The Okavango Delta (or Okavango Swamp), in Botswana, is a large inland delta, formed where the Okavango River reaches a tectonic trough in the central part of the endorheic basin of the Kalahari. All the water reaching the Delta is ultimately evaporated and transpired, and does not flow into any sea or ocean. Each year approximately 11 cubic kilometres of water spread over the 6,000-15,000 km² area. Some flood-waters drain into Lake Ngami. The Moremi Game Reserve, a National Park, spreads across the eastern side of the Delta.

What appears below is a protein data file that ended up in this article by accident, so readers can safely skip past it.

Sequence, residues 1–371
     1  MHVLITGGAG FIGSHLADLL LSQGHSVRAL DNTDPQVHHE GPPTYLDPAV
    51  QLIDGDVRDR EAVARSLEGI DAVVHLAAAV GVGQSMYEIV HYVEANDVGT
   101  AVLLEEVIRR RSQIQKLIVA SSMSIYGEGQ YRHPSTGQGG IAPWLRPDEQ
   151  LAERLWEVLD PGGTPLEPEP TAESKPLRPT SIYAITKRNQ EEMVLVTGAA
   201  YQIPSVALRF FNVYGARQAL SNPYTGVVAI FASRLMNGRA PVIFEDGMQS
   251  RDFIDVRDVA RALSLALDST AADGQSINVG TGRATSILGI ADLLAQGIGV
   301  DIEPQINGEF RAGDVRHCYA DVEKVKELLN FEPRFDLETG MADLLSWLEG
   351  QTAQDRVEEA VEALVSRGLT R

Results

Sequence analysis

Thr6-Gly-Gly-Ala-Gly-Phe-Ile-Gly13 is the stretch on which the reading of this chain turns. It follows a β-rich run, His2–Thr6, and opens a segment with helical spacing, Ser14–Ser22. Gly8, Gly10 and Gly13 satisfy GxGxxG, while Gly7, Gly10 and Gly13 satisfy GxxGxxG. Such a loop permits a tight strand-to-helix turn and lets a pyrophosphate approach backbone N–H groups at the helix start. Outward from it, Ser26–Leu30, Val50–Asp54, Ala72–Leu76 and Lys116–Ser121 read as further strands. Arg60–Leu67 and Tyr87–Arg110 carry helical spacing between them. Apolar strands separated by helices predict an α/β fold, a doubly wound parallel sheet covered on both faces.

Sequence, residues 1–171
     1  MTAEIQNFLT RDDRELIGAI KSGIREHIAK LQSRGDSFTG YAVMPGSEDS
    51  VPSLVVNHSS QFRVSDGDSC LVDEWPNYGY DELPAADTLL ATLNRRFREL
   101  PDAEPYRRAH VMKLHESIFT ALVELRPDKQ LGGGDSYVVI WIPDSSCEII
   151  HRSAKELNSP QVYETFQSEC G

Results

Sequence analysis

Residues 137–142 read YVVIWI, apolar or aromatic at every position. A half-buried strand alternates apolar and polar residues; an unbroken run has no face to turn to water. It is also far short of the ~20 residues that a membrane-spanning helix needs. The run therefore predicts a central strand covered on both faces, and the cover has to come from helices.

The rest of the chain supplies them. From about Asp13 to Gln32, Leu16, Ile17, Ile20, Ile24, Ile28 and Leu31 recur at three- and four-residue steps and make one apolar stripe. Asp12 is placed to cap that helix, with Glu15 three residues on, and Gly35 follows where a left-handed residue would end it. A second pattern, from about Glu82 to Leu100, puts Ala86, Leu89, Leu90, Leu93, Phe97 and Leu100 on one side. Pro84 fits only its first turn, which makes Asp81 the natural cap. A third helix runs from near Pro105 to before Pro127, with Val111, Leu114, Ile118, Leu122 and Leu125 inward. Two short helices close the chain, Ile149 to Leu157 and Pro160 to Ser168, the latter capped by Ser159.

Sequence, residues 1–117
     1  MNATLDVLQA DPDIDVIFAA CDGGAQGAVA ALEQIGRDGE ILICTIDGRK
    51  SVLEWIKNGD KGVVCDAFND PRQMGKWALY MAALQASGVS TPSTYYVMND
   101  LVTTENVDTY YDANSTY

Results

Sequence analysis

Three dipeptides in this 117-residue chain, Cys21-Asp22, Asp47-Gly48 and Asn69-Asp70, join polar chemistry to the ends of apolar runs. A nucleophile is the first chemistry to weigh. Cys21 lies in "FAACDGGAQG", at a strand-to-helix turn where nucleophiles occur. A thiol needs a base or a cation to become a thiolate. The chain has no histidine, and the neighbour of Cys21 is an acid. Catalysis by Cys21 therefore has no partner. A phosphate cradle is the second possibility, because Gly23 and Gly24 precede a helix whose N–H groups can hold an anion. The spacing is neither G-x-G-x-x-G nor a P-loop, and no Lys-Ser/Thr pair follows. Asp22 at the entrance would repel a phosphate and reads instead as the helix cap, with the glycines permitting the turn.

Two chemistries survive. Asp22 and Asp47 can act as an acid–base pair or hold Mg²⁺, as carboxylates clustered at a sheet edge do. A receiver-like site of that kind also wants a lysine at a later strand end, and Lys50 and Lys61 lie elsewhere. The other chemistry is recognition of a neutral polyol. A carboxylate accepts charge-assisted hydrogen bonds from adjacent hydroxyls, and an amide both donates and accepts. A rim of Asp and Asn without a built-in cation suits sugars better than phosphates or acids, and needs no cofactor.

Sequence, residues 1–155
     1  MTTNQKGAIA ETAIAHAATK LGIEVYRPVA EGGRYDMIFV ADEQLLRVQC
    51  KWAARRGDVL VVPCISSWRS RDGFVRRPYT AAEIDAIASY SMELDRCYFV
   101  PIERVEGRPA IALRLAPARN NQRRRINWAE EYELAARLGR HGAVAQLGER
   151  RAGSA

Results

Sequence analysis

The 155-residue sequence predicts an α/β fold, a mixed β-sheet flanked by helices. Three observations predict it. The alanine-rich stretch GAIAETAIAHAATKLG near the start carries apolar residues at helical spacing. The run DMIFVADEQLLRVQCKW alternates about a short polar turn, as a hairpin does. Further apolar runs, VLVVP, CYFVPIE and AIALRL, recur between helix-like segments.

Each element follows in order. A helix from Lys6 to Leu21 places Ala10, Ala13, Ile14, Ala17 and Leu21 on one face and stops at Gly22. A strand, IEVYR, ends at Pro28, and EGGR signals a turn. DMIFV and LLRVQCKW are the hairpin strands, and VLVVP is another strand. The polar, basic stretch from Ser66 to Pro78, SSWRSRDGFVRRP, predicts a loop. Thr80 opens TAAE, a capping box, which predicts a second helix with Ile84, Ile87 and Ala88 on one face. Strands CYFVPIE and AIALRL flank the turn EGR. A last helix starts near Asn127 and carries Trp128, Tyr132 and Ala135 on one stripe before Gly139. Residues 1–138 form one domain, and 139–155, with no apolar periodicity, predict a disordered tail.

The area was once part of Lake Makgadikgadi, an ancient lake that mostly dried up by the early Holocene. Although the Okavango Delta is widely believed to be the world's largest inland delta, it is, in fact not. In Africa alone there are two larger similar geological features - the Sudd on the Nile in South Sudan, and the Inner Niger Delta in Mali.